Insidious 3 focuses on correct lead, still tame, predictable

Elise Rainer, the best part of the first two movies, finally gets her own feature here. Photo courtesy Focus Features.

So if they’re titling the movies like chapters in a book, shouldn’t this one be called Insidious: Prologue?

The deceptively titled Insidious: Chapter 3 takes place a few years before the first movie and chronicles Elise Rainer (Lin Shayne) coming out of retirement to save Quinn Brenner (Stefanie Scott), who is haunted by an asthematic demon called the man who can’t breathe after inadvertently calling out to him while trying to contact her recently diseased mother. Rainer had retired when she started being haunted herself by the woman in black, who similarly responded to her when she tried to call out to her own lost husband.

Insidious 3 is just as repetitive and not really that scary as the rest of the series and about eight times as derivative. The apartment is straight out of The Shining, the man who can’t breathe is Hannibal Lector with Darth Vader’s breathing apparatus, the plot is straight out of Poltergeist for the third straight time and references to J-horror, movies that have grown so similar themselves it’s hard to single out which scenes are referencing what, become more prominent as the film goes on. But even so, it’s well executed and difficult to take eyes off the haunting sequences. It holds attention. The formula is the formula for a reason.

This movie is Leigh Whannell’s directorial debut, and he also writes for the third time in the series, but like the rest of the Insidious movies, producers Jason Blum and James Wan’s fingerprints are all over this. Wan directed the first two, and Blum is the producer behind these movies, the Paranormal Activity movies, the Sinister movies, the Purge movies and every other horror franchise active right now. In a lot of ways, Insidious 3 is the pinnacle of what Blum has always been trying to do on a technical level, with actors appearing suddenly within a shot or the way these movies use sounds in jump scares. It’s all well and good, them sorting this choreography out, but they don’t tell any better of a story with it.

At the tail end, the movie tries to be about Brenner dealing with grief as a child while Rainer overcomes it from an adult perspective, and it fails. It’s still a movie about jump scares and references. The sudden mention, “Oh, by the way, this movie has subtext!” only serves to let viewers know the movie could have been a lot better. Again, this feeling is common for horror movies and nothing new for this series in particular.

They even use this picture of the woman in black haunting Josh Lambert in the first movie and say it’s a picture of her haunting Rainer. Thought we wouldn’t notice that shit. Photo courtesy FilmDistrict.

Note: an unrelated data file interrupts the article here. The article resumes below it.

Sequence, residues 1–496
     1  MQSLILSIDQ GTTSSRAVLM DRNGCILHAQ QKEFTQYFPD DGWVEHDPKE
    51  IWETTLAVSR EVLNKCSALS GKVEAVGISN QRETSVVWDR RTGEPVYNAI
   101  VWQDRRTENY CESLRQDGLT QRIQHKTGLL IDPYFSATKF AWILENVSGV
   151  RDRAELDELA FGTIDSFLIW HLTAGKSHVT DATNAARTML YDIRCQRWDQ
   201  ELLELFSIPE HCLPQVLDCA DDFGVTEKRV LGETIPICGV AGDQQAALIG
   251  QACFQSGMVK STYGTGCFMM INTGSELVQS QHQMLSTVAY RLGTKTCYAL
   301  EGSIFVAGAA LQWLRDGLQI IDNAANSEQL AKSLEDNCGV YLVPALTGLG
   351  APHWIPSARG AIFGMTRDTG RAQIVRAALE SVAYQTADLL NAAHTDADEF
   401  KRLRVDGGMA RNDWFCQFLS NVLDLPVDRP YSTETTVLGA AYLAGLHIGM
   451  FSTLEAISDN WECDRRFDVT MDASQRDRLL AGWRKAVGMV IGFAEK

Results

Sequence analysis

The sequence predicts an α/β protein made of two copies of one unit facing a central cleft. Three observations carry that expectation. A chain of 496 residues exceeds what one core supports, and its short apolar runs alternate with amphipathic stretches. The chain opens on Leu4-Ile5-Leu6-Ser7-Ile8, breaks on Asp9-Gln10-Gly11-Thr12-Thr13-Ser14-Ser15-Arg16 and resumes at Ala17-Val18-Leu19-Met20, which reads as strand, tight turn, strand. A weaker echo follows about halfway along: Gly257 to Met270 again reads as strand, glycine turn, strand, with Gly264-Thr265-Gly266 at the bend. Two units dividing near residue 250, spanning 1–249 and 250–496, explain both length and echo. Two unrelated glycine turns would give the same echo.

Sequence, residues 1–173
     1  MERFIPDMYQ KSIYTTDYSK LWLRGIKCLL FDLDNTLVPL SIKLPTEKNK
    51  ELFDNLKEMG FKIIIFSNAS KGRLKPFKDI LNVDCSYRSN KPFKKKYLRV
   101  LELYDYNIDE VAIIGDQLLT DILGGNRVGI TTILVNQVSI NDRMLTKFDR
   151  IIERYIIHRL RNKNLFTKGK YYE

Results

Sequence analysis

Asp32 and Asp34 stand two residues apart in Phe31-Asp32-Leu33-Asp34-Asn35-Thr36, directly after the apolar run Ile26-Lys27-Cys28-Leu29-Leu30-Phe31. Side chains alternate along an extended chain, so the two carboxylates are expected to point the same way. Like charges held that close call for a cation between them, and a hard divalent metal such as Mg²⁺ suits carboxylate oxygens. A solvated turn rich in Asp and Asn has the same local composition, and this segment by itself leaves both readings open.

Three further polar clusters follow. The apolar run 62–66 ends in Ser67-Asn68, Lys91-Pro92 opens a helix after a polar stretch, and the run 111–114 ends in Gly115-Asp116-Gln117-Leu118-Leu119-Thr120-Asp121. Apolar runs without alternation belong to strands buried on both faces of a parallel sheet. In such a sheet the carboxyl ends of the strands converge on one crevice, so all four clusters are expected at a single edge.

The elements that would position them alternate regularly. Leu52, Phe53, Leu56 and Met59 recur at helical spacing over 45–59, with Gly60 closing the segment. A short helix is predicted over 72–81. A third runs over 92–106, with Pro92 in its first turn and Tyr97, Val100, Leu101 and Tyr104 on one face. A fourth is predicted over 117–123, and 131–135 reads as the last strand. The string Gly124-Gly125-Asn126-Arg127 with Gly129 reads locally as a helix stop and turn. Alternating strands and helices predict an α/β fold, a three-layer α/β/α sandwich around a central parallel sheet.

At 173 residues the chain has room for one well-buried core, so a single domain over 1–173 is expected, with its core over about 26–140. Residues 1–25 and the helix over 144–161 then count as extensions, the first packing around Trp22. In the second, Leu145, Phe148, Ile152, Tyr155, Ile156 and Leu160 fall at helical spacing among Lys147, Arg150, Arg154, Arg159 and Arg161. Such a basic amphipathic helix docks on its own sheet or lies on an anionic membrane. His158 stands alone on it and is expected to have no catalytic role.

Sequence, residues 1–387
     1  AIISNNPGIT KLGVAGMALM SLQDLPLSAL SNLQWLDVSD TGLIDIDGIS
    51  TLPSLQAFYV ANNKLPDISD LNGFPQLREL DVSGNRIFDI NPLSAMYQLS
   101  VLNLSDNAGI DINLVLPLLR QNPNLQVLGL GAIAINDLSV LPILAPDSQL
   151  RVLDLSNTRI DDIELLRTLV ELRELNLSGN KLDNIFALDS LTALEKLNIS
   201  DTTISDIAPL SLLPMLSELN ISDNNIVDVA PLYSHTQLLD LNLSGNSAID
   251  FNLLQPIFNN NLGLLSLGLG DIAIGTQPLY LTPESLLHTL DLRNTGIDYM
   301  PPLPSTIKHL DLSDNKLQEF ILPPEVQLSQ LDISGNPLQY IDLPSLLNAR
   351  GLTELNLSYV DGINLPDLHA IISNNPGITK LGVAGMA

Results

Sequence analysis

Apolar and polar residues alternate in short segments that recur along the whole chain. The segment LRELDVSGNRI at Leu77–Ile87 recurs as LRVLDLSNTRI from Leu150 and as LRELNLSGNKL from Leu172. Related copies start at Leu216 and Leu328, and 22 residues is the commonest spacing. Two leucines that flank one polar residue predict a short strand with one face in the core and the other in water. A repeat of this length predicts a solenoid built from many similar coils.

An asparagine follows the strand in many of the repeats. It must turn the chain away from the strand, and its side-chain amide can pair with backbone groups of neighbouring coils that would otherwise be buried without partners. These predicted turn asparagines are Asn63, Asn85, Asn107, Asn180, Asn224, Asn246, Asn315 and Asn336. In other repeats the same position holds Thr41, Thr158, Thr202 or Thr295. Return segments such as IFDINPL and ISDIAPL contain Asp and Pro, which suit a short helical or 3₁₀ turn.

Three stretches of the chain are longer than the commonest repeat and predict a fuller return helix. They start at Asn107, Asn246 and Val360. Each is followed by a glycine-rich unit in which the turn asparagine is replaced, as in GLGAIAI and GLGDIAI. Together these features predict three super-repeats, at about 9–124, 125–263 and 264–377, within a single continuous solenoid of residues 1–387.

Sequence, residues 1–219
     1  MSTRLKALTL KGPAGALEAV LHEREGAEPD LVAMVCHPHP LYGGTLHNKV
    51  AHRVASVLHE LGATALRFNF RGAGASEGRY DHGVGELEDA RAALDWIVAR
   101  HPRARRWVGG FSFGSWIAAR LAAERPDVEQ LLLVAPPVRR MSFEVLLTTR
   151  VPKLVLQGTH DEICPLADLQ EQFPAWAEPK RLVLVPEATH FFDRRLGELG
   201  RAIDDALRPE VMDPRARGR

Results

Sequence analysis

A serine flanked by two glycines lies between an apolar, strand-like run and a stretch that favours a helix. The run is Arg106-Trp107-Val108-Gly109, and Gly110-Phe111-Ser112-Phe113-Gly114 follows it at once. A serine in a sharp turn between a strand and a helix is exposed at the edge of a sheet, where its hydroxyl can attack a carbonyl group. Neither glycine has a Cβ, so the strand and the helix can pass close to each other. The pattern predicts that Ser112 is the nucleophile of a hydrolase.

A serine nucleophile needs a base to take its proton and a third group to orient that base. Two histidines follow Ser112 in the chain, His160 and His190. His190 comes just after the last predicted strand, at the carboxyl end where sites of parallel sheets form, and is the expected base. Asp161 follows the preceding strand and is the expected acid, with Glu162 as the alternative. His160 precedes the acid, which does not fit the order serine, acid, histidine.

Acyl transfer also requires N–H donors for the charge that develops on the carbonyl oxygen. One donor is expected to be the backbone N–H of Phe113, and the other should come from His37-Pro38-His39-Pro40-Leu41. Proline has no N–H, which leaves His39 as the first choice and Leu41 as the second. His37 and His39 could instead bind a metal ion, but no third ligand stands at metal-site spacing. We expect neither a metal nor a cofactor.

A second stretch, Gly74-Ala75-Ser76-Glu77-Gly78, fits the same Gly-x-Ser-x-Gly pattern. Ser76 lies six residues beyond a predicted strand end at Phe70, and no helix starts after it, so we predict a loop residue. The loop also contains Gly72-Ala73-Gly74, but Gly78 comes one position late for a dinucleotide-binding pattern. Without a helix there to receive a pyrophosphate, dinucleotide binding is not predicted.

The best thing the movie does is make Rainer a main character. The ghost hunter ex machina storyline was a problematic cop out even in the original Poltergeist, and her character was a distraction from the haunting in the first two movies despite being clearly the best part. In this movie, Rainer gets the spotlight she deserves with her own set of internal conflicts and motivations. However, this does set up some continuity issues, as it is implied that the woman in black and the Darth Maul demon stalk Rainer, instead of the Lambert family from the first two movies. This discrepancy is probably due to the generally poor storytelling group at the top thinking it was a necessary change to justify Rainer’s prominence.

In addition to these ham-handed ties to the first movies, Insidious 3 fellates itself several times, with Rainer repeatedly saying the woman in black will kill her, showing her meeting Specs (Whannell) and Tucker (Angus Sampson) and telling them they should team up and what they should wear, and pausing for a second to talk about how “The Further” is a particularly good name for the netherworld as if it were something that genuinely set these movies apart.

Ultimately, the movie will leave you thinking the same thing many other Blumhouse productions do — why? Nothing about this movie doesn’t remind me of something else. Why watch it?

Leopold Knopp is a formerly professional film critic, licensed massage therapist and journalism student at the University of North Texas. Adam West: Still the best Batman ever. I’ve had a change of heart about reader input. It is now welcomed and encouraged. Like Reel Entropy on Facebook, follow it on Twitter @reelentropy, and shoot questions to

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